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Philly420: Civil asset forfeiture, the other marijuana penalty

Today it was announced Philadelphia's District Attorney Seth Williams has stopped trying to take away Doila Welch's home. Unbeknownst to Welch, her son was selling small amounts of marijuana. Beyond jail time for distribution offenders the city has taken away millions of dollars in material assets from residents. Philly has one of the most aggressive Civil Asset Forfeiture programs in the country, one that has come under increasing scrutiny.

The story was first broken open by Isaiah Thompson in a 2012 series called "The Cash Machine." This year the program started to get national attention. The Wall St Journal focused on Philly and so did television host John Oliver in a scathing segment on Last Week Tonight.

The big turnaround from the DA is stemming from a federal lawsuit filed by the Institute for Justice to stop the forfeiture practice. Welch and Christos Sourovelis are plaintiffs in the lawsuit. Both families found out their cases were dropped yesterday.

"We are pleased that Christos and Doila's families will be able to enjoy their homes for the holidays," said Darpana Sheth, an attorney with the Institute for Justice, which is representing the plaintiffs in their challenge to Philadelphia's program. "Unfortunately, the same cannot be said for many other Philadelphia families. Philadelphia law enforcement continues to use its system of robo-forfeitures to pad its budgets with millions in unaccountable funds by stripping innocent people of their rights and property."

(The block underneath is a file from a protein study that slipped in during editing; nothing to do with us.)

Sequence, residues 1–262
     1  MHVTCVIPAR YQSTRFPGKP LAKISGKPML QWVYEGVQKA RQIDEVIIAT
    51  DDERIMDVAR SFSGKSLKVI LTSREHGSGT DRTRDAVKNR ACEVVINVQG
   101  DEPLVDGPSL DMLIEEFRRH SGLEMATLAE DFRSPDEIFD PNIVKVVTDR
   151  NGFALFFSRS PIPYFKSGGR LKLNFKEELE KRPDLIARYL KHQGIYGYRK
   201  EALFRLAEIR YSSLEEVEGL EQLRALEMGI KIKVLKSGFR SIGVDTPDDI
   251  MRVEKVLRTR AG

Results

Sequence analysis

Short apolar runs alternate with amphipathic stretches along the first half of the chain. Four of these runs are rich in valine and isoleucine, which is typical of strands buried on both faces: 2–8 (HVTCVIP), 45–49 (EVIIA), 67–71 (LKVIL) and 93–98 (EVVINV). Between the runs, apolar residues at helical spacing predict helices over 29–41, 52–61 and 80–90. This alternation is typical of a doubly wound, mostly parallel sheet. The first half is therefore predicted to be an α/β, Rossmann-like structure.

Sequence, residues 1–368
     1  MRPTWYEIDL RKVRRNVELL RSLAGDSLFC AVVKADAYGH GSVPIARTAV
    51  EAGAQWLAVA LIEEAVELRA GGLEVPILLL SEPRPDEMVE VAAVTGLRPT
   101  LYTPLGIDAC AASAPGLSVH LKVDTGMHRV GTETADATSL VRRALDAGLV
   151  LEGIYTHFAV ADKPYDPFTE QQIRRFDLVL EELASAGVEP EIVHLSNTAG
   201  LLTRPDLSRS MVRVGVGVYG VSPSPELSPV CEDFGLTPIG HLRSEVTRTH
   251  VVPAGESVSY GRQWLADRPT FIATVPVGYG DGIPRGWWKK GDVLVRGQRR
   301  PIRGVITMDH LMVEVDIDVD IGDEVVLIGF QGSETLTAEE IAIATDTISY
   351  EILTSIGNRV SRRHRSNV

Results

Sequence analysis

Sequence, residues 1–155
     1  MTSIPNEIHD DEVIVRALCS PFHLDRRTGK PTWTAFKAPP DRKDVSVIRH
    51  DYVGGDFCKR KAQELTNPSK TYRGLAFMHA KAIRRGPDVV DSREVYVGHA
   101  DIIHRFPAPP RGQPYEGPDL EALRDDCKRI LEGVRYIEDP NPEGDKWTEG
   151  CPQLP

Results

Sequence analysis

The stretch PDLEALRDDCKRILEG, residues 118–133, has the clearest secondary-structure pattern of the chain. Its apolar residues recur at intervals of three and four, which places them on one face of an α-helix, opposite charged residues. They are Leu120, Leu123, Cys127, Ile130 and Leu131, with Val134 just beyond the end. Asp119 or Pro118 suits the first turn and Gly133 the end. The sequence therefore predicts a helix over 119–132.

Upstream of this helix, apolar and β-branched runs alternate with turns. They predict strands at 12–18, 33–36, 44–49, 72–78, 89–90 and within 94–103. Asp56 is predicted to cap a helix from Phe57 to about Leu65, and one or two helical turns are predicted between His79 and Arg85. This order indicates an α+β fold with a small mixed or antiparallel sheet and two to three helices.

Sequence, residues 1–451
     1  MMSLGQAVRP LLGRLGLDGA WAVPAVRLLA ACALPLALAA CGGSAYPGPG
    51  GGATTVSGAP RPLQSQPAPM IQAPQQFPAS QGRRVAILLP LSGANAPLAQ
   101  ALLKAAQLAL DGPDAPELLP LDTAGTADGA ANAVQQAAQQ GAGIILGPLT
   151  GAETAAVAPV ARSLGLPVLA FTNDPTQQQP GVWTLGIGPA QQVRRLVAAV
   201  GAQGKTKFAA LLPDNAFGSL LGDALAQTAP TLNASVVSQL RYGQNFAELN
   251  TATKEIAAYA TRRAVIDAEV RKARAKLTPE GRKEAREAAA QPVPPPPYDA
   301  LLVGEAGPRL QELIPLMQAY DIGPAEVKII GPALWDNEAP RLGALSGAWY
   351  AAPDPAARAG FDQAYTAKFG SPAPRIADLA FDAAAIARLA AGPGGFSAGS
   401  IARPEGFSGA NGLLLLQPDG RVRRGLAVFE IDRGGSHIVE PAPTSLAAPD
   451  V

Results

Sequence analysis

This was the second victory this week for Philly families losing their homes over small amounts of marijuana. PennLive reported:

Despite some internal disagreement, Commonwealth Court on Wednesday voided a Philadelphia judge's order that forfeited a city widow's house and minivan over $90 worth of marijuana sales committed by her son.

At least one of those sales resulted from the city police Narcotics Field Unit's decision to send a confidential informant to Elizabeth Young's house to arrange to buy pot from her son.

Young was in the hospital at the time and like Doila Welch, says she did not know about the marijuana sales. Young's son was also coerced into using the home for the transaction by one of the narcotics cops who are now under indictment for corruption. The case against Young's property was not entirely thrown out, but sent back to Philadelphia Court for reconsideration.

These types of seizures are conducted under state law, specifically the Controlled Substances Forfeiture Act. Local law enforcement, including the DA, keep all of the assets seized. Originally conceived as a tool against big time drug dealers, the harsh tactic has been used more often against small time sellers... like those turning over a few dime bags of marijuana. While the program in Philly has received the most attention the practice is common across Pennsylvania.

Now that Philadelphia has decriminalized marijuana possession and Governor-elect Tom Wolf is calling for statewide decrim it is time for the forfeiture ability to end over small amounts of marijuana as well.

If legislators in Harrisburg don't fix the law hopefully the Institute for Justice lawsuit will stop the practice once and for all. No one should be made homeless over a little bit of weed.

Chris Goldstein, an associate editor at Freedom Leaf magazine, smoked his first joint in 1994 and has been working to legalize marijuana ever since. He serves on the Board of Directors at PhillyNORML has been covering cannabis news for over a decade. Contact Goldstein at or on Twitter @freedomisgreen.